Believe it or not, software companies are partly to blame. They have tried their best to take the guess work out of installations, to facilitate user friendly and speedy startup applications. Many companies that purchased AutoCAD and ArcGIS software have them installed by in house expertise such as their resident CAD \ GIS gurus. Many times have we heard managers saying that they have the latest software functionalities and the latest versions installed. Yet, projects are taking roughly same time to complete. As your CAD guys continue to install version after version of AutoCAD, do you think the length of the project time will decrease as a result of software version enhancements? We cannot keep doing things the same way and expect a different result. CAD is continually integrating with geographic information systems and vice versa. The inherent spatial database structure and methodology of CAD files preparation needs a well thought-out approach such as that taken by the National Spatial Data Infrastructure (NSDI). We need to think about how data can be used and where it can be recycled for use. Data integration is a mandatory part of the equation for any organization that intends to harmonize its business intelligence with operating as well as growth strategies.
Organizations need a multidisciplinary team comprised of power users, managers, and business analysts guided by a ‘Data Czar’ – someone with knowledge on effectively incorporating software systems with business processes. The team must be set up to look at the big picture and create a strategic data realization pathway. This team should have the authority to direct all information-based implementations.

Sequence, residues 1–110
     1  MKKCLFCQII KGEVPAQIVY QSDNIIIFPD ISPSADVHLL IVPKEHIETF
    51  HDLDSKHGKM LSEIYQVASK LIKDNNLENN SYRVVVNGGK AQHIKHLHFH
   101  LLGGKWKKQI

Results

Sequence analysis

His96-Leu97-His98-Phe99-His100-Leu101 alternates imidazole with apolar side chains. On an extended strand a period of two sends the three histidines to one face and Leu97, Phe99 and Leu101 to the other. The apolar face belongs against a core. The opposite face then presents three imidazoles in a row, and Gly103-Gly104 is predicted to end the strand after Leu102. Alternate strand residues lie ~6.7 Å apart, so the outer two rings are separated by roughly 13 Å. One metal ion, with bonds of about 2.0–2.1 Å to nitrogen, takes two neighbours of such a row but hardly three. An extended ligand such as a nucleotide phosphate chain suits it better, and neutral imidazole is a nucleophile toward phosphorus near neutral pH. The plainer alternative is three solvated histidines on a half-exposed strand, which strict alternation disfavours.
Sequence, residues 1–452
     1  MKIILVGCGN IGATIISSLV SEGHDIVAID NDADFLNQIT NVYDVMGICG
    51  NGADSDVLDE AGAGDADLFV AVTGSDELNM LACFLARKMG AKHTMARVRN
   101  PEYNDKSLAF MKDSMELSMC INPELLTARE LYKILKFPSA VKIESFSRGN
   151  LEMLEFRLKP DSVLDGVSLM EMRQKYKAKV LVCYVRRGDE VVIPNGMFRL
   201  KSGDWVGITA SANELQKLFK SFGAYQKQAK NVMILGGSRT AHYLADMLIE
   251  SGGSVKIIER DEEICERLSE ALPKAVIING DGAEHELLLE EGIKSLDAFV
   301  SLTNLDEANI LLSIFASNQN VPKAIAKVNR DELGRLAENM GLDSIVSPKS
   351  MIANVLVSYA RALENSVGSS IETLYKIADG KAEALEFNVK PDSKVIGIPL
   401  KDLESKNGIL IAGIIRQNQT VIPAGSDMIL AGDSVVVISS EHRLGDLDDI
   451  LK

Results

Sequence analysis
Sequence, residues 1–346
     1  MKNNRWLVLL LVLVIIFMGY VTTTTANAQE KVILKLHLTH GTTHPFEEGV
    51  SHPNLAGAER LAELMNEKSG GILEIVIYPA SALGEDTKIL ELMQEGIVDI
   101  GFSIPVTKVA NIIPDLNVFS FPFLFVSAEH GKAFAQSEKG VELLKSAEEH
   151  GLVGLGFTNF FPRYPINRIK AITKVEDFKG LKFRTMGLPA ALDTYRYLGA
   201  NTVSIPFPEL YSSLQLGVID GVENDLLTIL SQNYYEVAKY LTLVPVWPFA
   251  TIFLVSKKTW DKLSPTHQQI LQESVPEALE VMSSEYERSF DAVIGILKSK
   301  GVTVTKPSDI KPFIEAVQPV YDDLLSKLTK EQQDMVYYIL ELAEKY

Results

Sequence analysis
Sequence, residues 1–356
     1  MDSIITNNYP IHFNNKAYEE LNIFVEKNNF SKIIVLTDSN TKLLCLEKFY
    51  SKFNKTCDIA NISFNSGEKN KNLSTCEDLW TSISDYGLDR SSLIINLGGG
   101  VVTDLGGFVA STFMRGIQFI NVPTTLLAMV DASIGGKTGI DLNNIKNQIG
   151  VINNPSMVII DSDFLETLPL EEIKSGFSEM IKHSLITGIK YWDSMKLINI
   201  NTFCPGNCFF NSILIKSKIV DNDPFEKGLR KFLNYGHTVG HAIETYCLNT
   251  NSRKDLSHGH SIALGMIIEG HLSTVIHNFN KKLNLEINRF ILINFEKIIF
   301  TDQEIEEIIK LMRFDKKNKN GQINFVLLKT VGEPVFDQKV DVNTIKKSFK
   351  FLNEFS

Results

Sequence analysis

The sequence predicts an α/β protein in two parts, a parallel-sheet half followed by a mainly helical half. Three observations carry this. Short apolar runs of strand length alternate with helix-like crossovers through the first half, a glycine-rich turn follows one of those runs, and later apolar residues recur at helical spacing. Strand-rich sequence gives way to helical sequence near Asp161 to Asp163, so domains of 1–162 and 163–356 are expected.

The team should first, identify all business processes that contribute to the successful delivery of a company’s product or service. Next, take a surgical look at each, taking note of the information required and reviewing whether these processes are still valid. The team must assign, automate, and streamline their systems to accept data from centralized sources and strategically integrate them to the relevant processes. Data capture must be moved as close as possible to the responsible party. Your goal is to create your core data one time and one time only. The data must reside in an accessible location. By accessible, the data must be easily disseminated to all the appropriate people and systems that require that specific information. We can all understand that duplication doubles employee time and also produces errors. What clearly resonates in the minds of the shareholder is that they are paying different employees to simultaneously perform the same job!
We are not limited to cost cutting initiatives by applying this methodology. No business can survive by only reducing cost. Having access to all the data sources in your company, gives you the ability to apply and re-apply intelligence into your business. Your data must become like ‘Lego’ building blocks, to fashion in any way you choose. When used successfully in accordance with the initiatives presented above, you have more options, more choices, and more avenues from which to analyze and identify new streams of revenue.
A clear business-information strategy is needed to mend these inefficiencies in our industry. We need to take a visionary and multidisciplinary look at the inherent data structures within our companies. CAD, GIS and other applications are requiring the use of robust database management systems to manage its data. Focus must be placed on bridging these data dissemination gaps. We must engineer our business processes to be fully integrated, facilitating, reliable and efficient while simultaneously exploiting the capabilities provided by each software application in a way that will profitably maximize its use.